“Gentrifier” with Jason Patch

“Gentrifier” with Jason Patch

November 6, 2018 @ 12:30 pm - 2:00 pm

Join the Department of Urban Studies & Planning’s Housing, Community, and Economic Development Group for a conversation with Jason Patch, professor of sociology and urban studies and co-author of the book Gentrifier.

The book (co-written with John Joe Schlichtman and Marc Lamont Hill; University of Toronto Press, 2017) opens up a new conversation about gentrification that goes beyond the statistics and the clichés to examine different sides of this controversial, deeply personal issue. The book takes a close look at the socioeconomic factors and individual decisions behind gentrification and their implications for the displacement of low-income residents. Drawing on a variety of perspectives, the authors present interviews, case studies, and analysis in the context of recent scholarship in such areas as urban sociology, geography, planning, and public policy, sharing accounts of their first-hand experience as academics, parents, and spouses living in New York City, San Diego, Chicago, Philadelphia, and Providence. With unique insight and rare candor, Gentrifier challenges readers’ current understandings of gentrification and their own roles within their neighborhoods.  [Lunch  provided.]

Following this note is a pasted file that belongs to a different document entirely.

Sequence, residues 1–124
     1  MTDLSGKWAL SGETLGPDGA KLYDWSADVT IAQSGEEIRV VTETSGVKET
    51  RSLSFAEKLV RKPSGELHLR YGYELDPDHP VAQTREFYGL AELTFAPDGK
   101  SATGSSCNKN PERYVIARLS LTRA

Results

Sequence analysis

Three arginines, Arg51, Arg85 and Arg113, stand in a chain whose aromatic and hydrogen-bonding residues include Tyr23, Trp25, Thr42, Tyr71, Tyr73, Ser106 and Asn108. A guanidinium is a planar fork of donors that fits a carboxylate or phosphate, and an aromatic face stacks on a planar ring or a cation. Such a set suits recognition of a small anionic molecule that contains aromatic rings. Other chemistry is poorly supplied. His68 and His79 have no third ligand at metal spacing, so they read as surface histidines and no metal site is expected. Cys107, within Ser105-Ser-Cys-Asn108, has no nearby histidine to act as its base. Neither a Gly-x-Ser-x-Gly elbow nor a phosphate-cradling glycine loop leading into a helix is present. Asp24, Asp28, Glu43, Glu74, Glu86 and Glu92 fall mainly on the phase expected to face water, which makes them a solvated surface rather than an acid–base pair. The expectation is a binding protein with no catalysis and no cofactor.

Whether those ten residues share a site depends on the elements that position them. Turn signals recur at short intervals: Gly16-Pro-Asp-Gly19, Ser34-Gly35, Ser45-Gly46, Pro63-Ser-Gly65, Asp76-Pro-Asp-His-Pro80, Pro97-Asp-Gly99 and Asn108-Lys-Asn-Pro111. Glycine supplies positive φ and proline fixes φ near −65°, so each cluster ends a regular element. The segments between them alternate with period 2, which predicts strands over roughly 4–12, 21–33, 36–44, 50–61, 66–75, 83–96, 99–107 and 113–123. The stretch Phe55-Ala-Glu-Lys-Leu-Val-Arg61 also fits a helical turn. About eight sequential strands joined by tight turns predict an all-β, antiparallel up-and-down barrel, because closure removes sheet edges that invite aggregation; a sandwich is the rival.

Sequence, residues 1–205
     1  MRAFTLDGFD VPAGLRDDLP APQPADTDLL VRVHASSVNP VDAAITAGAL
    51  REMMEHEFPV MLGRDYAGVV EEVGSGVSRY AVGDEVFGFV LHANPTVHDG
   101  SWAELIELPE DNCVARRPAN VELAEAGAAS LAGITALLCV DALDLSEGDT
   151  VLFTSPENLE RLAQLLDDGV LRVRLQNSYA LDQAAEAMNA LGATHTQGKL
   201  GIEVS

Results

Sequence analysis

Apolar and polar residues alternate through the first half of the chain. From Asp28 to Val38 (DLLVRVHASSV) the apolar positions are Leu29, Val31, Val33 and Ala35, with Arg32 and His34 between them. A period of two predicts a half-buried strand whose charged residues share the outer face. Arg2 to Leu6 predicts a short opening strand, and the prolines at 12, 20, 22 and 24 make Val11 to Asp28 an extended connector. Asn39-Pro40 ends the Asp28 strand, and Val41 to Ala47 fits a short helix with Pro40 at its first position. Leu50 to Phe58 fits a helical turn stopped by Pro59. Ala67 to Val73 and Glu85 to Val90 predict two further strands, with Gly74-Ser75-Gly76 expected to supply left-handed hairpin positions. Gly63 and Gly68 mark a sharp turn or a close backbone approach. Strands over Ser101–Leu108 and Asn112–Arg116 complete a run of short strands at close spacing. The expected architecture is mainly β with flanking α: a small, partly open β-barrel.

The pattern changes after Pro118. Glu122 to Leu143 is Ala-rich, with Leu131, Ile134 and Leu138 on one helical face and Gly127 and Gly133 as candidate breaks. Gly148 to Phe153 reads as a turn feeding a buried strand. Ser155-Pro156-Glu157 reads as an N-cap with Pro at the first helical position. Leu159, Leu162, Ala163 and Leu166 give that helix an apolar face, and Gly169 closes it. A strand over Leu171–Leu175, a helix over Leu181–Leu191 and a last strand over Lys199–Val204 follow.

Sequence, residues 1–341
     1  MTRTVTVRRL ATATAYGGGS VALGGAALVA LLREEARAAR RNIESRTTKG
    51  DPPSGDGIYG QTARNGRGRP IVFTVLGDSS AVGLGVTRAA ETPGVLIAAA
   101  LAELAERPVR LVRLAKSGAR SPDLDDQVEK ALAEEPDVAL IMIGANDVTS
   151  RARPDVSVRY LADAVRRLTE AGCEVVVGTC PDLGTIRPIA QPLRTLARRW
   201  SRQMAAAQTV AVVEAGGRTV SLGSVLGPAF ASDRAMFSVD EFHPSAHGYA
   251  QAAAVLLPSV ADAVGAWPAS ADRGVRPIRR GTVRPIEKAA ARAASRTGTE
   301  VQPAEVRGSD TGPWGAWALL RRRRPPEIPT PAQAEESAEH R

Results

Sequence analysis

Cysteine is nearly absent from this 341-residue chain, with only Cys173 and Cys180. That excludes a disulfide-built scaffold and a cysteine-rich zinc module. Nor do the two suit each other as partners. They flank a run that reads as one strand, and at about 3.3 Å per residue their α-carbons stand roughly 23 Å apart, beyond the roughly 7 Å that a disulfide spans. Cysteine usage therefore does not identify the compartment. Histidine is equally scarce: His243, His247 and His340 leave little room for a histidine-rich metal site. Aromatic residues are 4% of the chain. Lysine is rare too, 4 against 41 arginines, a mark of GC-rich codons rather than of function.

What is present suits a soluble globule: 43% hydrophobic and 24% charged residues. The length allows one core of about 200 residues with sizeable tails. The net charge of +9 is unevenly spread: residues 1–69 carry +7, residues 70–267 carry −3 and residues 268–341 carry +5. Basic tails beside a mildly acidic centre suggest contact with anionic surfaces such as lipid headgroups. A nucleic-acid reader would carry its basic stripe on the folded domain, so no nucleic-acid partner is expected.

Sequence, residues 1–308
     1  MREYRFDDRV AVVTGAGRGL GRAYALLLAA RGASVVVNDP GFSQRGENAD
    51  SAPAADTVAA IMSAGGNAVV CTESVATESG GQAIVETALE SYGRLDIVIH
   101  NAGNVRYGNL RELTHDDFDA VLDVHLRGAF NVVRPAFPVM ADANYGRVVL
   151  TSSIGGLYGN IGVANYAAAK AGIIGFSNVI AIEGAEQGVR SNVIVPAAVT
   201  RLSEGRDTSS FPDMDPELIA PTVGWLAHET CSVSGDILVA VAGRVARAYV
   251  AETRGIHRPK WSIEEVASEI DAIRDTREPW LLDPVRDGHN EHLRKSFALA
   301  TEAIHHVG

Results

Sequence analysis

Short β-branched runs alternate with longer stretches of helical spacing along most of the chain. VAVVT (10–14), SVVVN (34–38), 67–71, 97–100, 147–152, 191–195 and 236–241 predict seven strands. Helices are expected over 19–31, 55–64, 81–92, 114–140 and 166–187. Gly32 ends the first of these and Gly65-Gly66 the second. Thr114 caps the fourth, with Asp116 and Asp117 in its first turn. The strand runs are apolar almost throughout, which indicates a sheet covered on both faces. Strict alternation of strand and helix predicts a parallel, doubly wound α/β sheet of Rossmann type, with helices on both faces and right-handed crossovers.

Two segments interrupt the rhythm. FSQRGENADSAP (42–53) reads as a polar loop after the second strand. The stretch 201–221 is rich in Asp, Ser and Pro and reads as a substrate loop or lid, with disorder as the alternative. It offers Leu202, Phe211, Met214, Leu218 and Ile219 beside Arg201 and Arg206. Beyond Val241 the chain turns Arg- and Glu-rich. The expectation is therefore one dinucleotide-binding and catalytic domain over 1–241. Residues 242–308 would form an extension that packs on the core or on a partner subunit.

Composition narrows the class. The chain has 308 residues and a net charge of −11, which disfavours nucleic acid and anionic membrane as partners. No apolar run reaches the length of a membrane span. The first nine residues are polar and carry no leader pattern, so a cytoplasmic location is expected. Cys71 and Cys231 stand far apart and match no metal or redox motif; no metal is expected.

Jason Patch is a professor of sociology and urban studies at Roger Williams University in Bristol, Rhode Island. His research interests focus on gentrification, cities, and qualitative methodology. For the past twelve years he has lived with his family in the great city of Providence. Once, long ago, he spent a year living in Allston.


“Gentrifier is the sort of book that vintage, pre-Kardashian Kanye West might have written had he had a PhD in urban policy, supplying it with an irresistible hook: ‘We’re all gentrifiers, I’m just the first to admit it.’

Schlichtman, Patch, and Hill help us shelve what we thought we knew about gentrification, and give us instead a brutally honest reckoning with the ills, conveniences and virtues — but especially the consequences on the vulnerable — of gentrification. They ably wrestle with a characteristic facet of modern existence, rescuing the term from automatic demonization while never once letting it off the hook for the damage it can do.”  —Michael Eric Dyson, Professor of Sociology, Georgetown University